In November, Mothering's article "Out of the Mouths of Babes" told you about teethers, sippy cups, bibs, and other seemingly innocuous plastic baby items containing chemicals that may harm your child's health. Among these chemicals is bisphenol-a. The Canadian government is planning an announcement on Friday to declare bisphenol-a, also known as BPA, a toxic chemical.
Widely used to produce plastic polycarbonate food and water containers, some products containing bisphenol are already being removed from shelves by leading Canadian retailers, citing possible health risks. Canada also intends to ban the import and sale of baby bottles made of plastic polycarbonate. Evidence links the chemical to neurological and behavioural problems in babies and could be tied to early puberty, some cancers, diabetes, and obesity.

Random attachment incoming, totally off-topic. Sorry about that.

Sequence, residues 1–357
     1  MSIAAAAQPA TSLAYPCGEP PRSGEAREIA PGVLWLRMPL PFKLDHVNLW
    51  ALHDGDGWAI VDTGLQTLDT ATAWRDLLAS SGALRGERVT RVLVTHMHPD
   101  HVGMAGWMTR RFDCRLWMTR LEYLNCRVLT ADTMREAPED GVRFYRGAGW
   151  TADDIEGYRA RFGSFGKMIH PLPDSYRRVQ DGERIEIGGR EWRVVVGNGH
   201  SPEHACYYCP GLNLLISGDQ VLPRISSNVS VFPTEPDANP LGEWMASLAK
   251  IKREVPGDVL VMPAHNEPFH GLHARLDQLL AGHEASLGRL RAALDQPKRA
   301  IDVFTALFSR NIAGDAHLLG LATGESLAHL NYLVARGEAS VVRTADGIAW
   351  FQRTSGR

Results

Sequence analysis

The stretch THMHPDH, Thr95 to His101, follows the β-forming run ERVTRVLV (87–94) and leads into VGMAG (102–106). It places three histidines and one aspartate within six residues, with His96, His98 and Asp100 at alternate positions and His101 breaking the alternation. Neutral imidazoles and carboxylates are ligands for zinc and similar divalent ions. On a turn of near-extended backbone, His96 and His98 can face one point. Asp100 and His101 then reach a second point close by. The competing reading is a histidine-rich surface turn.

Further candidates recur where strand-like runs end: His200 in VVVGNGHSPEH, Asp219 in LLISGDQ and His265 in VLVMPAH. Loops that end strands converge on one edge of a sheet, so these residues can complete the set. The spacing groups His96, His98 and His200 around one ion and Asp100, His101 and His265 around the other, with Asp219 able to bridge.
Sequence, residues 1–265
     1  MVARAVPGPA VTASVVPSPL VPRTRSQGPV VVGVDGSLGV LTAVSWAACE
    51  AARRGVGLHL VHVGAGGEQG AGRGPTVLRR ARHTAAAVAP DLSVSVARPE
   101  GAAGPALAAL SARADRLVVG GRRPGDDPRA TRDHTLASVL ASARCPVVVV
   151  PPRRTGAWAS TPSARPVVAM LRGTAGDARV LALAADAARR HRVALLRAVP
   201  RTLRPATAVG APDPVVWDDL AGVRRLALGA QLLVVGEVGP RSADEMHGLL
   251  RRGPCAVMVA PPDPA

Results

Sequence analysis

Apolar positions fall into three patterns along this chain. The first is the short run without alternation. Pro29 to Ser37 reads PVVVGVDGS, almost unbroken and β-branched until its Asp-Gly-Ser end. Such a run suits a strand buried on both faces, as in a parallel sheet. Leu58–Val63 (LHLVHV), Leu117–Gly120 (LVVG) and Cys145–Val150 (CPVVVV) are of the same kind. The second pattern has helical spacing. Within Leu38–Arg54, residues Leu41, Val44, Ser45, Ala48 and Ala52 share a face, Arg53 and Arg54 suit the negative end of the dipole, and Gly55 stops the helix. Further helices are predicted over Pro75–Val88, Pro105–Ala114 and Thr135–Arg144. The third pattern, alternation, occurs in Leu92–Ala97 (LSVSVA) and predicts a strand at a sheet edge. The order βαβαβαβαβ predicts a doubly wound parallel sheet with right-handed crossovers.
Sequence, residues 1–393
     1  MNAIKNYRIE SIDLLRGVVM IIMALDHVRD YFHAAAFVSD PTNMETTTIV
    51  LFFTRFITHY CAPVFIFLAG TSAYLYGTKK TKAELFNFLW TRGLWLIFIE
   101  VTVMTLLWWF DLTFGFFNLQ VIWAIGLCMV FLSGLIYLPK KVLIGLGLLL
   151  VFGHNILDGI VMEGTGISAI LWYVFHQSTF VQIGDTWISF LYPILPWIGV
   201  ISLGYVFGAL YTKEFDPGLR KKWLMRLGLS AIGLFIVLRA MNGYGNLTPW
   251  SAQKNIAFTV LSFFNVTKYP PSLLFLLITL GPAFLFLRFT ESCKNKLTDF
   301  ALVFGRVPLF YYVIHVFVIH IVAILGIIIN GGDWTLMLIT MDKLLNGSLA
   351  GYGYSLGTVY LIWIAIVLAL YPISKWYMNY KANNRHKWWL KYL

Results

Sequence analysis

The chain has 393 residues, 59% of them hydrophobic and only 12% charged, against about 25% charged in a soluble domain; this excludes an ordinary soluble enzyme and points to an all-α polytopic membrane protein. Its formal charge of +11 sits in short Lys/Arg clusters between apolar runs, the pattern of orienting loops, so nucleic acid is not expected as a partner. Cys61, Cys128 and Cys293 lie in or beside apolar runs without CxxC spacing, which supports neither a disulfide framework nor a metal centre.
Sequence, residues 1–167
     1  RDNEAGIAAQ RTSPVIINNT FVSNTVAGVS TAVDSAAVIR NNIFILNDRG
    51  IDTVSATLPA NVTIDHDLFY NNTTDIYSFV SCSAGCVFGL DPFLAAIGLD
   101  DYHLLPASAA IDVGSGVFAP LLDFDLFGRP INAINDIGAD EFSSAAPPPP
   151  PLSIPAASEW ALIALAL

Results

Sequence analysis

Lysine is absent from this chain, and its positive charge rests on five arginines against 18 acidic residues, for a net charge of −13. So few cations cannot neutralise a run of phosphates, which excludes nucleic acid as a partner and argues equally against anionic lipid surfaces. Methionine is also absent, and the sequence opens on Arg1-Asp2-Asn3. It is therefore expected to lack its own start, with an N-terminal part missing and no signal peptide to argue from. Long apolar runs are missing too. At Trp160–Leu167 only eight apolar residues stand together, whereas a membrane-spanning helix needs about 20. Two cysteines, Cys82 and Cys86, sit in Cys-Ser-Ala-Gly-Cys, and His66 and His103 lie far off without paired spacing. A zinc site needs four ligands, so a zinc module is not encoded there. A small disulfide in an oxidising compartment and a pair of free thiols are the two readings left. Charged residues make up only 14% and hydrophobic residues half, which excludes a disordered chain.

Environmental groups are adamant that BPA is a dangerous chemical, while the industry says its use in plastic products is safe and claim that media reports about toxic toys are sensational and serve only to frighten parents. Yet, more than 150 government-funded studies have shown health effects in animals at extremely low doses of BPA—sometimes 2,000 times lower than the Environmental Protection Agency's (EPA) safe levels.
"Out of the Mouths of Babes" Mothering Issue 145 - November/December 2007